Ivan D. Hristov

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THE OUTLAW

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MANOLE MACRELATA

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VALCHAN’S SWING

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DESTINY

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THE CROSS SIGN

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THE CHURCH

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THE ORDEAL

THE ORDEAL

Translated by: Росица Шопска

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Panayot gathered the sheep from the pasture and closed the flock in the sheep-fold. He stretched his large body and stared at the west, where the shadows of the twilight blurred the outlines of the high forest peaks. A troubled night was falling over the mountains. The peaks began to darken rapidly, the horizon narrowed, the silver glow of the distant ridges disappeared, absorbed by the autumn mist.

The shepherd stepped into the hut, lit the fire in the hearth, and started to boil hominy for dinner. In some time, the dogs started barking. Panayot knew when they were barking at game and when at a man. He jumped out quickly and went down the road ahead of the hut. Two Turks stood in front of him, one of them holding a horse with two sacks.

“They must be of those, Panayot thought, who are now fleeing from Plovdiv through Yurukalan and Bash dairy farm to the Aegean, after the Turkish army was stepping back from the Russians. Perhaps they have got lost and diverted away from the road.”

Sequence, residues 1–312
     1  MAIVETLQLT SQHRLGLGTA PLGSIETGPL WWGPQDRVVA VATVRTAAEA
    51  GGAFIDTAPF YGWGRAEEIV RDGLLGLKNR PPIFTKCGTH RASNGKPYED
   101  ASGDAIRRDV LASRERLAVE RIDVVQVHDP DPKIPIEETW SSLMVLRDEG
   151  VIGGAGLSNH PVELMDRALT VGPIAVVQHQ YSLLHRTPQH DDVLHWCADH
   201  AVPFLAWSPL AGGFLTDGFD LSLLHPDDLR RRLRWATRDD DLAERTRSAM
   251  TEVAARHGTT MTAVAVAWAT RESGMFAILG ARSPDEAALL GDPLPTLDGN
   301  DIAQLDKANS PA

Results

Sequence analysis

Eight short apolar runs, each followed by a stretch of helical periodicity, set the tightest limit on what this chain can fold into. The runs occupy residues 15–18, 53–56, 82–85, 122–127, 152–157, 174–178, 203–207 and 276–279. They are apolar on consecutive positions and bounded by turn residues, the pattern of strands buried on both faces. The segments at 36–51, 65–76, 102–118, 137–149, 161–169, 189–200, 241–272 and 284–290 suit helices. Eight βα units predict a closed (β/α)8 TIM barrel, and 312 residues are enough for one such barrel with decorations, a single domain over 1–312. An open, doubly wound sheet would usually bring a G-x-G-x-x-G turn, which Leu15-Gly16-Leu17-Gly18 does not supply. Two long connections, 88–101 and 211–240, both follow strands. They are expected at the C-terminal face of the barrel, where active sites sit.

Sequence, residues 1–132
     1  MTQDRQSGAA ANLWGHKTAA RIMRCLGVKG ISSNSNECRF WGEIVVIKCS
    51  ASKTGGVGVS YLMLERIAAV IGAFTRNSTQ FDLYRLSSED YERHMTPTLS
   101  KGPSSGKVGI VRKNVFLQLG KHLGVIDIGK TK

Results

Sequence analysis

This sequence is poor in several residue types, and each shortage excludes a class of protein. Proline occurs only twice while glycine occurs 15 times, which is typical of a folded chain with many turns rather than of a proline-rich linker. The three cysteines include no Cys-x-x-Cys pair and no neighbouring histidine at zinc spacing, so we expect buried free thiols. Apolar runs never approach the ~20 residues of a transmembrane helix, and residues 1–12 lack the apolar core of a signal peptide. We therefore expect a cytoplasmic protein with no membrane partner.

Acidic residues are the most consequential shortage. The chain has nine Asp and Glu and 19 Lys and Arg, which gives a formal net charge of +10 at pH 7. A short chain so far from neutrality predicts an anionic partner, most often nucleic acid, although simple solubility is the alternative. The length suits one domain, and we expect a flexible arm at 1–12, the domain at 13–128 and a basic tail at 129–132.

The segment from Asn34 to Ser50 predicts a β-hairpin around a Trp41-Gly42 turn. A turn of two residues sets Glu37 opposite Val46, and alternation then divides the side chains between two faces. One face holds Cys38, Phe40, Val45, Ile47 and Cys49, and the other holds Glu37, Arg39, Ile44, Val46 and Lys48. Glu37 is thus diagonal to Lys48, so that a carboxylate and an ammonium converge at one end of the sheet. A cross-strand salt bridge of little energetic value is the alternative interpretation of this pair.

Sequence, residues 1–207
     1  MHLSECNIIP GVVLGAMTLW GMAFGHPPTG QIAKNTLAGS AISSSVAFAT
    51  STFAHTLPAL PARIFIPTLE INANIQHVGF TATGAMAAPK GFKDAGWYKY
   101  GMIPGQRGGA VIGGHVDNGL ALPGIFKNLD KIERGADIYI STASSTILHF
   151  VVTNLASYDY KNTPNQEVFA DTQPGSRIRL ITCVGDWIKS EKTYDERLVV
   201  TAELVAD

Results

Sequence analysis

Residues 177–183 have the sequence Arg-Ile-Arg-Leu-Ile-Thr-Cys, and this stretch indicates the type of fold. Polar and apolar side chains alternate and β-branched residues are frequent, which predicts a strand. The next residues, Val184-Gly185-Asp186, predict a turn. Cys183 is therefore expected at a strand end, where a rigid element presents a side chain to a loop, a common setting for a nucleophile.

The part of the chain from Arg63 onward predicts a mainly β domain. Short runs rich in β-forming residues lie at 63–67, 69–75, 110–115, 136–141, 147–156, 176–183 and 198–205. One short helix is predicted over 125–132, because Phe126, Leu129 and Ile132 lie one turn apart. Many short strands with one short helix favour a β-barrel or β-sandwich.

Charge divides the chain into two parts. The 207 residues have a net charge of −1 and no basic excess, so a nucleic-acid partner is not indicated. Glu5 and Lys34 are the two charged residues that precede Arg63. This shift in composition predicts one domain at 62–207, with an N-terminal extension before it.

The two passengers stood in front of the shepherd tired and confused. The older one turned to Panayot.

“Shepherd, will you put us up to sleep in the hut and in the morning to show us the road to Bash dairy farm?”

“There will be room for you” Panayot said, trying to hide his anxiety caused by meeting the strangers.

The passengers dropped the sacks themselves and brought them into the hut. They tied the horse on the tree outside. The shepherd did not dare to ask them what they were carrying in the sacks. He put some hominy for them to dine. Tired of the long way, they ate it silently. Then they lay down next to the sacks and quickly fell asleep.

Panayot lay down at the other end of the hut, but the sleep was running away from his eyes. Fear and doubt rankled in his soul - they did not give him to rest: “Who are these uninvited guests?”

He got up and went to fetch some water from the nearby spring. Something was drawing him to the sacks. What was there in them? One of them was slightly loose. Panayot peered into it and almost cried out in amazement - the sack was full of gold coins. He went out, quietly stepping outside. He went to the cold spout. He poured water into the copper pot. He stayed under the cold water for long to wet his head, as if he wanted to put out the fire burning there at the sight of the gold.

It got quite dark around there. The dark sky gathered together with the mountains. In the sky there was a faint sparkle and a small, lonely star disappeared into the darkness. Panayot stood there, staring into the darkness, thinking tensely about what to do. He went back to the hut. He went inside. He looked at the sleeping and unsuspecting guests, and two Panayots were fighting there in his head - one of them shouting: “Kill the Turks and get the gold.” The other one was stopping him, “Do not put this sin on your soul. What have these people done to you?”

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